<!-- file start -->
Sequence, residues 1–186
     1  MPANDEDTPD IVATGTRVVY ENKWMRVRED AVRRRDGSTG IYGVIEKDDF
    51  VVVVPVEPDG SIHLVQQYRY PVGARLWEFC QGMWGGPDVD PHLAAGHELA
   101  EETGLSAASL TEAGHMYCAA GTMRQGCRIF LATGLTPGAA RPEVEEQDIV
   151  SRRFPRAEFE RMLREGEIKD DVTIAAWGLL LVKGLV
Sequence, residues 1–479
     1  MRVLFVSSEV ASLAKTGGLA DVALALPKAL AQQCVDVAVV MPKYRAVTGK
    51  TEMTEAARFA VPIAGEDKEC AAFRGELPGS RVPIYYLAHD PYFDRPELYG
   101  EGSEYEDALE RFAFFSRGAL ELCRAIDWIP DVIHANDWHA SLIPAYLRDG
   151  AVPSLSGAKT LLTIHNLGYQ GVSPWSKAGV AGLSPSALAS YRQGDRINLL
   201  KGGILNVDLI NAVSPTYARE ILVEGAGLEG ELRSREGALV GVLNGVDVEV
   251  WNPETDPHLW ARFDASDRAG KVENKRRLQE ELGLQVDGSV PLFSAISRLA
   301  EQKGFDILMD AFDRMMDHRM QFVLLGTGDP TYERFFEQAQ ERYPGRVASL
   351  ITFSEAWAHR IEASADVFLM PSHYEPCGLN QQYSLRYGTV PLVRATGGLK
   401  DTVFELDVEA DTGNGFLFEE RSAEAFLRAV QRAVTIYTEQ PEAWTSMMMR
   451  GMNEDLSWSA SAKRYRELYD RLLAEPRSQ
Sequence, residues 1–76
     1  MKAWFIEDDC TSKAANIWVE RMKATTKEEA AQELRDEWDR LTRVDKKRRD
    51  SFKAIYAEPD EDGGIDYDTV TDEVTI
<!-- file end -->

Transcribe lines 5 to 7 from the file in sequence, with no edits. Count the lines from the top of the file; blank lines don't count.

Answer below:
   151  SRRFPRAEFE RMLREGEIKD DVTIAAWGLL LVKGLV
Sequence, residues 1–479
     1  MRVLFVSSEV ASLAKTGGLA DVALALPKAL AQQCVDVAVV MPKYRAVTGK